Current articles about mentorship oftentimes fail to discuss what I call “collective mentorship”. In the digital age, wisdom and support stem from a wide breadth of sources that, when combined, create a comprehensive mentorship program. Instead of tapping one great mind, you can have endless amounts of contacts and as an added benefit, you end up building yourself into that same network.
While writing her PhD, one of my colleagues posed key questions via Twitter. By building a network of mentor-like individuals, she got answers instantly and across subject matter experts. Even superstars like marketing guru Seth Godin are forgoing traditional personalized coaching as a revenue stream. Godin hosted a one-day workshop in his home designed to offer value through shared experience. The world is more complex than ever and it is helpful to build interdisciplinary skills and networks.
Creating a collective mentorship network is, in many ways, more difficult than finding one traditional mentor. It requires not only making an effort to reach out to a variety of people, but it is also only successful if your own identity (web and otherwise) is fluid across many channels. Maybe your potential mentor is prolific on Twitter and LinkedIn. Perhaps, Facebook or Google+ are more their style. And, maybe they haven’t even gone digital and are active in trade associations, traditional conferences and networking events. The more of these places you are, the more your network has the potential to expand. In a world of decreased individualism and increased collectivism, the outliers get in. Start a discussion. Be the person to bring up the question that 95% of “followers” never thought to ask.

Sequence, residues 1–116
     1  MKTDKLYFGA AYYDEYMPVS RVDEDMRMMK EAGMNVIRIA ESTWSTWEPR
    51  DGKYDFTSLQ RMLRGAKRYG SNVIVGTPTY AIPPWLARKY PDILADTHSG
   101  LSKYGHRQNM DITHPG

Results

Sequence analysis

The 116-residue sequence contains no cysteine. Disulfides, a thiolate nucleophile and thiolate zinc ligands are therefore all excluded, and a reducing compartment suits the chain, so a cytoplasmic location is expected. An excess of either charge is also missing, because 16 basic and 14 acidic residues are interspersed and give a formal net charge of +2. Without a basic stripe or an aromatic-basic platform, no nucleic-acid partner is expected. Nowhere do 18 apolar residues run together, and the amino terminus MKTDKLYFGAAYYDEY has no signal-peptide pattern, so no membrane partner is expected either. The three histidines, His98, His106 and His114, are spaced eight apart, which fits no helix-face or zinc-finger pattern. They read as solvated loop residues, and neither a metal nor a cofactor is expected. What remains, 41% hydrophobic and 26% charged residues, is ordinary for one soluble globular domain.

Image via Media Psychology Review.